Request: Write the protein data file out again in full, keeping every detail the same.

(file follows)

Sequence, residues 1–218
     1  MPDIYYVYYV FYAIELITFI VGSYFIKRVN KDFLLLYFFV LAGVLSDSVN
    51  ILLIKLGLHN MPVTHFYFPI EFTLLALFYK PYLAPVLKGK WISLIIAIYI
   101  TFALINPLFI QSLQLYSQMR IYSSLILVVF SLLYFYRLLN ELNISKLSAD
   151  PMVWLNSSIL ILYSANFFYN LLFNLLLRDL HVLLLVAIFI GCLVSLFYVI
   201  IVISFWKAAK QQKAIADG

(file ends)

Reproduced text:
Sequence, residues 1–218
     1  MPDIYYVYYV FYAIELITFI VGSYFIKRVN KDFLLLYFFV LAGVLSDSVN
    51  ILLIKLGLHN MPVTHFYFPI EFTLLALFYK PYLAPVLKGK WISLIIAIYI
   101  TFALINPLFI QSLQLYSQMR IYSSLILVVF SLLYFYRLLN ELNISKLSAD
   151  PMVWLNSSIL ILYSANFFYN LLFNLLLRDL HVLLLVAIFI GCLVSLFYVI
   201  IVISFWKAAK QQKAIADG